Ground-Zero, Freedom Is Sometimes Painful

9/11 was not the day that Islam attacked the United States. September 11, 2001 was the day that Al Qaeda attacked the United States with the purpose of knocking our nation off its keel. Al Qaeda are usurpers of a faith, in the way that many humans since the beginning of time have killed in the name of their God. Their hopes for the cowardly assault on civilians were simple; force the United States into a mindset contrary to its history, make the United States abandon its cherished ideals. Where they can never hope to conquer us, they could inspire us to conquer ourselves.

They have been, in many ways, successful on a grand scale. We have willingly given up many of the protections of the 4th Amendment. We have willingly conceded the long-contested battle over a right to privacy. We have sacrificed much on the altar of; “It will keep us safe”. We have departed from the fervor of; “Give me liberty, or give me death!” We have abandoned the wisdom of; “Those who would give up a little freedom, in exchange for a little safety, deserve neither freedom nor safety.” Now, far past the 11th hour, we concede another of our nation’s founding principles.

The text of the 1st Amendment is simple yet inclusive. It protects the fundamentals of free expression for both individuals and groups. It channels the spirit of the original Pilgrims still evident in our Founding Fathers; Pilgrims who were considered a cult in England and Holland. To protect the rights of the religious and the manner of their expression, was a bold and original ideal then and now. There was not then, nor is there now, a test imposed on practitioners to determine the worth of their faith, or its place in the world. There are only these simple lines:

Congress shall make no law respecting an establishment of religion, or prohibiting the free exercise thereof; or abridging the freedom of speech, or of the press; or the right of the people peaceably to assemble, and to petition the Government for a redress of grievances.

The attack by that sorry mob of self-serving fanatics was not then, and is not now, a definition of Islam. It was the ultimate statement of cowards, carried out by the ultimate fanaticism of weak-minded zealots. Al Qaeda and its emulators have killed far more Muslims than Christians and Jews. To accept their claim to be representatives of Islam, as a prima facie case, is to ignore all the other facts in evidence. You may not ascribe to the tenets of Islam, you may even believe the religion to be dangerously misguided, but it matters not as this is a question of liberty. All of which brings us to the now infamous “Ground Zero Mosque”.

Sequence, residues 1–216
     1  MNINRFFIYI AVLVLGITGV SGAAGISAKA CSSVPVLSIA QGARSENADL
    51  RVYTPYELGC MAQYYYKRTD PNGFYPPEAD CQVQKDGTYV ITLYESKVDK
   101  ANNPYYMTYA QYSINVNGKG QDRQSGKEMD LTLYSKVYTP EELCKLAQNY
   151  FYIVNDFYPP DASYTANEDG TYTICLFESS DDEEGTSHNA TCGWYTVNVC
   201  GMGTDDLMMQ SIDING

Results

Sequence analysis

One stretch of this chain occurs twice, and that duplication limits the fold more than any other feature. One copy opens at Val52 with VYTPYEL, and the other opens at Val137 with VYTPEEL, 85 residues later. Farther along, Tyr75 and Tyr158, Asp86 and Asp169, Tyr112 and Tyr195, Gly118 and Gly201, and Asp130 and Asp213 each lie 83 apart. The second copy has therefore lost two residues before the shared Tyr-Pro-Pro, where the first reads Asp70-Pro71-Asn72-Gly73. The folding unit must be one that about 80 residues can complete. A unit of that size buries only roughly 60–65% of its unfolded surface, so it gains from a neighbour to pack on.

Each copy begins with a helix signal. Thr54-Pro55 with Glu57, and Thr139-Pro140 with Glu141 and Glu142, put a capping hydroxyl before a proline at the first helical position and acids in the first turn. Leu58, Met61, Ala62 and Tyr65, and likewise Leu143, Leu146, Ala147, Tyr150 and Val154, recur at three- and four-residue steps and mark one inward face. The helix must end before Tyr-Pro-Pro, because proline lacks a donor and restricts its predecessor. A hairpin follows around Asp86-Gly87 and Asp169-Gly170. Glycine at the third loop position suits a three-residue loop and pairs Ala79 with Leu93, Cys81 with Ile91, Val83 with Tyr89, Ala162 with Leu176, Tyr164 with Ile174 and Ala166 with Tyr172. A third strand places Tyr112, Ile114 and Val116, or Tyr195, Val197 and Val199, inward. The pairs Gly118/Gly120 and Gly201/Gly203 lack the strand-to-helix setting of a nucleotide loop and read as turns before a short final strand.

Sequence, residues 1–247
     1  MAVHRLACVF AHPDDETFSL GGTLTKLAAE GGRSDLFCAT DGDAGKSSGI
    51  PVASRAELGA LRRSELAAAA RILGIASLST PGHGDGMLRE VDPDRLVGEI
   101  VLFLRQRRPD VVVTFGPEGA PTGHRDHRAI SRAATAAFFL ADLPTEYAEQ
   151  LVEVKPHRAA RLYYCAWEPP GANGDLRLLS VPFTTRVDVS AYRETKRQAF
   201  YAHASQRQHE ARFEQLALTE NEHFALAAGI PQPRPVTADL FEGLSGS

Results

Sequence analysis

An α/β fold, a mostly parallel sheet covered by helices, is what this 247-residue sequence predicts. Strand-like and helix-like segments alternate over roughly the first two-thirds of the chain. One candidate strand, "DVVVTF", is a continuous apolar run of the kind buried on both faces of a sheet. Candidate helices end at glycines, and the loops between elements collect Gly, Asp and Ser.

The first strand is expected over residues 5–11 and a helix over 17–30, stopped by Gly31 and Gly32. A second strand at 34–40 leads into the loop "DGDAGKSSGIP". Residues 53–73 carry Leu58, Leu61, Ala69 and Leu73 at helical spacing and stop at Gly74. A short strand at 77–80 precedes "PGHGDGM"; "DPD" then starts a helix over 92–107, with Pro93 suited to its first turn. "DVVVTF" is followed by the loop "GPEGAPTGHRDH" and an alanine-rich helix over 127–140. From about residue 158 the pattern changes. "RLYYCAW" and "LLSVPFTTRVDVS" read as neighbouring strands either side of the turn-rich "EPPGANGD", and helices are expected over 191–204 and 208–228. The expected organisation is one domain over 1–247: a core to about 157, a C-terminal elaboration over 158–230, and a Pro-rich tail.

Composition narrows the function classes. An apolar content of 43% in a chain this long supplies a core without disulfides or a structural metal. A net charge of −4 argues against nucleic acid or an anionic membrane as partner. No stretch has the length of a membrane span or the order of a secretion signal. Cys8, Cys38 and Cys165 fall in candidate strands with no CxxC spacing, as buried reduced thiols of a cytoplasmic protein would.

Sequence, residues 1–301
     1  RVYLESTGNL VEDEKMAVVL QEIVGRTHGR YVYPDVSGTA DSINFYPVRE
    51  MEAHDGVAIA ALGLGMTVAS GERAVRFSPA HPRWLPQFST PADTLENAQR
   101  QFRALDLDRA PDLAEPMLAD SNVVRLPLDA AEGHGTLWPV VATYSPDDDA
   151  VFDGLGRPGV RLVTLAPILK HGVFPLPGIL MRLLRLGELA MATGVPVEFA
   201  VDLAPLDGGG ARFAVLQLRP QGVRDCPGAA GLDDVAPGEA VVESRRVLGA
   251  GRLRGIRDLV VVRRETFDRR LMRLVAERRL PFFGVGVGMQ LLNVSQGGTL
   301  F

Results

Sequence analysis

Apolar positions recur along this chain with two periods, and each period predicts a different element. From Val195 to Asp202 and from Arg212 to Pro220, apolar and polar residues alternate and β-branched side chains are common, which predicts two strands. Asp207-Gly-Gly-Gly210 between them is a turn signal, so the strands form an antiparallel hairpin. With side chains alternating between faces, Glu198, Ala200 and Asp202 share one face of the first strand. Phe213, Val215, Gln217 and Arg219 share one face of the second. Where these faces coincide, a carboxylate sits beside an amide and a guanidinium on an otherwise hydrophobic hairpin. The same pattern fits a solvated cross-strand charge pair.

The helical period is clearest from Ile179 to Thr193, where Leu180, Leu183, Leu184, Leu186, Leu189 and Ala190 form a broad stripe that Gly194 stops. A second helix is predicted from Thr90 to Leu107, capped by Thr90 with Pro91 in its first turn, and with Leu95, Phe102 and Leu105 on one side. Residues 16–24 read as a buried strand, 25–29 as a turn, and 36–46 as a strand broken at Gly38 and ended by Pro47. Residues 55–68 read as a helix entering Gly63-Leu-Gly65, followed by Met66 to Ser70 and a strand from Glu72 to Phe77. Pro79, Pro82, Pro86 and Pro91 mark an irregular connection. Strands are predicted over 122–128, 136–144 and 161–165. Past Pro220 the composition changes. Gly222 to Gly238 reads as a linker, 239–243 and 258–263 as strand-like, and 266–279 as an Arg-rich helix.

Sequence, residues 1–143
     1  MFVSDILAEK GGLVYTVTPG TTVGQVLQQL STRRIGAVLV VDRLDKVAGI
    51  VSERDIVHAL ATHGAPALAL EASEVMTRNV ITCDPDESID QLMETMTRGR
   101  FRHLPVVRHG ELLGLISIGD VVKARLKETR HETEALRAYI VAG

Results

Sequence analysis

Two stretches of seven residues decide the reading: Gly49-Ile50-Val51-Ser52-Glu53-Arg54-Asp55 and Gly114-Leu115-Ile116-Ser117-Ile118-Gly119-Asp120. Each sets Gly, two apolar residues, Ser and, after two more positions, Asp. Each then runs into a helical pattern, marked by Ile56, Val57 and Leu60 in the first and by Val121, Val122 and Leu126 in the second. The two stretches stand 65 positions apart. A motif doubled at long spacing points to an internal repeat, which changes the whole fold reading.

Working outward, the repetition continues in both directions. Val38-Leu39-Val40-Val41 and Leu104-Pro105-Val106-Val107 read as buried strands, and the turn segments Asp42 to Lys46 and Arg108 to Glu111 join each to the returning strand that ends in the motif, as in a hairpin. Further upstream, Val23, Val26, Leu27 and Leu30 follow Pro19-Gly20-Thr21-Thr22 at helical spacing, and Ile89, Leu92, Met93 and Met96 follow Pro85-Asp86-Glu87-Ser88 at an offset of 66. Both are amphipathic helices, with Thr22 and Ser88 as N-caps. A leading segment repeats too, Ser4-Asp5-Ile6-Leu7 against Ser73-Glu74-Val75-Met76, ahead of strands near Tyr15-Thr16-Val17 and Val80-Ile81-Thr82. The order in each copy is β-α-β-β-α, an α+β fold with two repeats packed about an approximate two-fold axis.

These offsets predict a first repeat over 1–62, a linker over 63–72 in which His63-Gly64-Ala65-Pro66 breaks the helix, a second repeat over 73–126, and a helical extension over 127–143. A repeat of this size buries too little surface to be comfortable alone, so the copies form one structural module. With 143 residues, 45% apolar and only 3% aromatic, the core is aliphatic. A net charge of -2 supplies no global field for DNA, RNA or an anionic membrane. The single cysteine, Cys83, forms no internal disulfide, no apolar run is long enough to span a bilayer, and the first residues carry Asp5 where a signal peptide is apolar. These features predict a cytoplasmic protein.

If some misguided soul had formulated the dim idea to build a mosque, church, temple, or synagogue on Ground Zero, I would be writing in protest myself. That site is hallowed ground, and should be consecrated to the memories of all who fell. That edifice yet to built has been long discussed; the hows and the whys of its building debated over many months by planners and survivors alike. Any building on that site dedicated to one faith would be a miscarriage of purpose. But the tricky little widget in the case of the “Ground Zero Mosque”, is that it isn’t located at Ground Zero.

The Cordoba Center is to be built on private property around the corner. There are religious facilities of many faiths within a few blocks of Ground Zero. Why should this facility be any different? This is not, after all, a recruiting depot for Al Qaeda. We are not, after all, a totalitarian nation like Iran who might be expected to determine where a church or synagogue can or should be constructed. It is somewhat ironic that the Moors, Muslims who ruled the city of Cordoba in Spain, where renowned for their tolerance. They did not, centuries ago, give a second thought to the practicing of Judaism or Christianity in their lands. Are we Americans, long the setters of example where liberty is concerned, now to abandon our principles in fear and anger?

This is an issue beyond the politics of our nation. This cuts directly to our souls as individual Americans. We the people, are the individual carriers of the American Dream and the principles that dream is built on. Many survivors of 9/11, and many who lost loved ones, are aggrieved by this development. Other survivors see it as an example of what makes us better than those craven souls who perpetrated that terrible crime. But we aren’t meant to establish rights via polling sample in America, and the right to peaceably assemble and practice one’s religion is a right long established. Many of the citizens, as well as the city and county of New York, have stood up in defense of the project. These were Christians and Jews, Muslims and Agnostics, who said yes to the Cordoba Center. These were Americans who said yes to freedom, even though that freedom may come with a twinge of painful reminder.

The Rational Middle is listening…

9 thoughts on “Ground-Zero, Freedom Is Sometimes Painful

  1. Michael – Everything you mentioned is perfectly legal and an exercise of the rights guaranteed those who oppose building this structure.